I have come up with four types of past sanctification: pre-conversion, forensic, intrinsic, and positional.5 Let us briefly consider each now.

A. Pre-Conversion Sanctification6

Even before a person is born again, God is at work in his life. He works in the lives of unbelievers to draw them to Christ. He does this in a number of ways.

One way an unbeliever is sanctified—yes, unbelievers can be sanctified!—is by their home environment. An unbelieving spouse or child is sanctified if one of the spouses is a Christian:

For the unbelieving husband is sanctified by the wife, and the unbelieving wife is sanctified by the husband; otherwise your children would be unclean, but now they are holy (1 Cor 7:14).

The root idea of sanctification is being set apart. Unbelievers are set apart if they live in a house with a believer. They have an ongoing witness to the truth of the Gospel living before their eyes.

By extension it would seem that any time an unbeliever receives a clear witness of the Gospel, he is sanctified in a pre-conversion sense. Of course, this sort of sanctification is iterative. That is, it only lasts as long as the witness continues. That is Paul’s point in 1 Corinthians 7. If the believing spouse leaves, then the other spouse and the children lose that sanctifying influence.

A person who works closely with a Christian likewise experiences ongoing pre-conversion sanctification.

Similarly, an unbelieving college student is sanctified by his Christian roommate.

In the broad sense anything God does to set an unbeliever apart for special influence from His truth is a form of pre-conversion sanctification.

Space does not permit a detailed consideration of 1 Pet 1:2, another passage which appears to deal with pre-conversion sanctification. However, a strong case can be made that Peter is discussing that very thing:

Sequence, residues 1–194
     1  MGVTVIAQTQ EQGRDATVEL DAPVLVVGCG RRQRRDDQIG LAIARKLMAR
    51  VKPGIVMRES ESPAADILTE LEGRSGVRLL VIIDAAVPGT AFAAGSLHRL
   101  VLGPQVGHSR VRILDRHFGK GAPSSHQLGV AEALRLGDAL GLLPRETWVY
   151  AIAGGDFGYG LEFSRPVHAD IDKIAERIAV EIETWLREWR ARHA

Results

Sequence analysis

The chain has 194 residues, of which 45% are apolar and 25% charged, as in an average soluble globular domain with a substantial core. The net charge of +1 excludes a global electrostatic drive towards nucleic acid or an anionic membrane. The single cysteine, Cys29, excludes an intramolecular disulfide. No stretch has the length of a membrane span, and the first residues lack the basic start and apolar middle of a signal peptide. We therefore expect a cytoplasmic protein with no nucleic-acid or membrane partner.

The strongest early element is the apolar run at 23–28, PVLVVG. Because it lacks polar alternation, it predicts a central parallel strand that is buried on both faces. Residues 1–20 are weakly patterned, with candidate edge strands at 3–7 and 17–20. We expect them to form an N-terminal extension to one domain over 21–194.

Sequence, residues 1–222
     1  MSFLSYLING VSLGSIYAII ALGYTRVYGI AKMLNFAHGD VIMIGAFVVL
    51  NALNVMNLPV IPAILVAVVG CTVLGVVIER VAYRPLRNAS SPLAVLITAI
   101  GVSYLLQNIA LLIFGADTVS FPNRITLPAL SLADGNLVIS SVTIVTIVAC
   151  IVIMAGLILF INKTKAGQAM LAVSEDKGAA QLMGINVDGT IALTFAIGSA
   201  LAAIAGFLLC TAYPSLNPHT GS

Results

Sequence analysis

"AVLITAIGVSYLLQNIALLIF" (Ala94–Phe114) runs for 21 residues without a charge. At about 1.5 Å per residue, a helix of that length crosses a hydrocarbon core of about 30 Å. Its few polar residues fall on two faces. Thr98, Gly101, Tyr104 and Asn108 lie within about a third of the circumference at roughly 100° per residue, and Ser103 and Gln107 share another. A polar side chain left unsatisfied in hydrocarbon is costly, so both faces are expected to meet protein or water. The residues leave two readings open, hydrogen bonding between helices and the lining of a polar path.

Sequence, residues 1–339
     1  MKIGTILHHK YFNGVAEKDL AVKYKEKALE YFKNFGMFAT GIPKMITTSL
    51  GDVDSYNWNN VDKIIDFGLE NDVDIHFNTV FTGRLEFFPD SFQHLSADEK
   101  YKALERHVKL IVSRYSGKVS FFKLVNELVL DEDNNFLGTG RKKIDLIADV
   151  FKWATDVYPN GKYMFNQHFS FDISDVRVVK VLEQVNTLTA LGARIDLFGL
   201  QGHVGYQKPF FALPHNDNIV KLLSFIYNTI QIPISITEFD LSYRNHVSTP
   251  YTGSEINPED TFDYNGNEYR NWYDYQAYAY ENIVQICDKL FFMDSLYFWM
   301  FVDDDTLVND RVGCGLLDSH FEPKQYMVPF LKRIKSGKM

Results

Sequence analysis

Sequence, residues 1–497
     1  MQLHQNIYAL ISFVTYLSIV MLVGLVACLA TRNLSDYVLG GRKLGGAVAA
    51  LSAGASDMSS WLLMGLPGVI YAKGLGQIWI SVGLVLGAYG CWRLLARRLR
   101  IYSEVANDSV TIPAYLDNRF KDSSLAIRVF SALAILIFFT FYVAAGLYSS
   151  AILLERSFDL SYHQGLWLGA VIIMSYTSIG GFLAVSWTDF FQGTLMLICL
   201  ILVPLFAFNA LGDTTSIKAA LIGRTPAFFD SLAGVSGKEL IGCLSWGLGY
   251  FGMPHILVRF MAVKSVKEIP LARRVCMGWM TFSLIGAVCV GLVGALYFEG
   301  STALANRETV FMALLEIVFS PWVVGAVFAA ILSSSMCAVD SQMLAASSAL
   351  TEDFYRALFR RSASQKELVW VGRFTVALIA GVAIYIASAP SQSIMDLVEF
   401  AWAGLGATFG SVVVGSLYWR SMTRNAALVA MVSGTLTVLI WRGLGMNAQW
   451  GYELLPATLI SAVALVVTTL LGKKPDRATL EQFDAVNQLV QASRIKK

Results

To the pilgrims of the Dispersion… elect according to the foreknowledge of God the Father, in sanctification of the Spirit, for obedience and sprinkling of the blood of Jesus Christ (1 Pet 1:1-2).

Election is something which was done in eternity past.

Obedience (i.e., obedience to the faith, obedience to God’s command to trust in Christ, cf. 1 Pet 2:7; Acts 6:7; 16:30-3 1) and sprinkling of the blood of Christ are something which occur at the moment a person is born again.

The middle element, sanctification, mediates the two. That is, the elect are set apart by the Holy Spirit before they believe—by giving them a Spirit-wrought witness of the Gospel—with the result that they might ultimately believe and thus be cleansed by the blood of Christ.

A third passage which deals with pre-conversion sanctification is 2 Thess 2:13. It reads:

But we are bound to give thanks to God always for you, brethren beloved by the Lord, because God from the beginning chose you for salvation through sanctification by the Spirit and belief in the truth.